„Men cannot improve a society by setting fire to it: they must seek out its old virtues, and bring them back into the light.“

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Russell Kirk
1918 - 1994
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Francis Turner Palgrave photo

„To set a forest on fire, you light a match. To set a character on fire, you put him in conflict.“

—  James N. Frey, How to Write a Damn Good Novel: A Step-by-Step No Nonsense Guide to Dramatic Storytelling

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Robert G. Ingersoll photo
Ella Wheeler Wilcox photo

„I detect
More good than evil in humanity.
Love lights more fires than hate extinguishes,
And men grow better as the world grows old.“

—  Ella Wheeler Wilcox American author and poet 1850 - 1919
Context: I find a rapture linked with each despair, Well worth the price of anguish. I detect More good than evil in humanity. Love lights more fires than hate extinguishes, And men grow better as the world grows old. Optimism

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W.B. Yeats photo

„Ye are the salt of the earth: but if the salt have lost his savour, wherewith shall it be salted? it is thenceforth good for nothing, but to be cast out, and to be trodden under foot of men. Ye are the light of the world. A city that is set on an hill cannot be hid. Neither do men light a candle, and put it under a bushel, but on a candlestick; and it giveth light unto all that are in the house. Let your light so shine before men, that they may see your good works, and glorify your Father which is in heaven.“

—  István Küzmics Hungarian translator 1723 - 1779
Vi szte szol zemlé: csi sze szol szkvari, sz kim sze bode solila? Nika ne valá vecs: nego da sz vő vr'ze, i szklácsi od lüdi. Vi szte szvetloszt etoga szvêta. Nemore meszto szkrito bidti, stero je na velikom brêgi polo'zeno. Niti ne vu'zgéjo poszvêta: naj ga pod korcz denejo: nego v poszvecsnyek, i szvêti vszêm, ki szo v hi'zi. Tak sze naj szvêti szvetloszt vasa pred lüdmi: da vidijo vasa dobra dela, i dicsijo Ocso vasega, ki je vu nebészaj.The Gospel of Saint Matthew: Salt and light. Nôvi Zákon (1848), rework Sándor Terplán.

Immanuel Kant photo

„There must be a seed of every good thing in the character of men, otherwise no one can bring it out.“

—  Immanuel Kant German philosopher 1724 - 1804
Context: There must be a seed of every good thing in the character of men, otherwise no one can bring it out. Lacking that, analogous motives, honor, etc., are substituted. Parents are in the habit of looking out for the inclinations, for the talents and dexterity, perhaps for the disposition of their children, and not at all for their heart or character. Part III : Selection on Education from Kant's other Writings, Ch. I Pedagogical Fragments, # 13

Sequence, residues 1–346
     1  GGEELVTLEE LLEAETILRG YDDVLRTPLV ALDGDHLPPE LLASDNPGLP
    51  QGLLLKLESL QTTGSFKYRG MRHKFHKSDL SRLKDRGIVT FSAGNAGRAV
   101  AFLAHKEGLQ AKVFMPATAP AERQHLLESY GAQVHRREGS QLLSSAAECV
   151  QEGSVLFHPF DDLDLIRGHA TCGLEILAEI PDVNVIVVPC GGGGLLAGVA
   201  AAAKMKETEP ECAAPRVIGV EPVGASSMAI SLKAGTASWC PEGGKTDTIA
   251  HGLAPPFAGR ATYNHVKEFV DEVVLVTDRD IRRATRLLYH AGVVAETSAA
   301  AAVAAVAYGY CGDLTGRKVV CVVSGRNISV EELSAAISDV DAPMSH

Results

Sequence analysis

Brandon Sanderson photo
Bram Stoker photo

„Do you not think that there are things which you cannot understand, and yet which are, that some people see things that others cannot? But there are things old and new which must not be contemplated by men's eyes, because they know, or think they know, some things which other men have told them.“

—  Bram Stoker Irish novelist and short story writer, best known today for his 1897 Gothic novel Dracula 1847 - 1912
Context: You reason well, and your wit is bold, but you are too prejudiced. You do not let your eyes see nor your ears hear, and that which is outside your daily life is not of account to you. Do you not think that there are things which you cannot understand, and yet which are, that some people see things that others cannot? But there are things old and new which must not be contemplated by men's eyes, because they know, or think they know, some things which other men have told them. Ah, it is the fault of our science that it wants to explain all, and if it explain not, then it says there is nothing to explain. But yet we see around us every day the growth of new beliefs, which think themselves new, and which are yet but the old, which pretend to be young, like the fine ladies at the opera. Professor Van Helsing to Dr. Seward

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Fulton J. Sheen photo

„Evil men may not always do these things, but they seek to destroy goodness, virtue, morality, decency, truth and honor“

—  Fulton J. Sheen Catholic bishop and television presenter 1895 - 1979
Context: No one can understand Communism who does not believe in the devil. The Communists believe in the devil. The Communists organized a so-called "patriotic" church. A few brain washed were to be in charge of the churches because they were loyal to the anti-God regime. One of the first orders given by the Communists to them was that the prayer to Prayer to Saint Michael be no longer said because it invoked the protection of St. Michael against "the wickedness and snares of the devil." As one Communist judge said: "We are those devils." It is hard for many in the free world to believe that there are not only bad men, but evil men. Bad men steal, rape, ravage and plunder. Evil men may not always do these things, but they seek to destroy goodness, virtue, morality, decency, truth and honor. Bad men who steal admit honesty; evil men who do not steal, call dishonesty "honesty," totalitarianism "democracy," slavery "freedom." Evil men can be nice at table, polite with women, courteous in Washington, refined in London and calm in Geneva. But the principle which guides their every move is the maxim of Lenin: every lie, trickery, knavery and deceit must be used to. "Bishop Sheen Writes...Communism and Tragedy," The Toledo Blade, Sunday, July 26, 1959, sec. 2, p. 5. https://www.google.com/search?hl=en&q=%22communists%20believe%20in%20the%20devil%22%20site:news.google.com/newspapers&source=newspapers&gws_rd=ssl#hl=en&q=%22Bishop+Sheen+Writes...+Communism+And+Tragedy%22+

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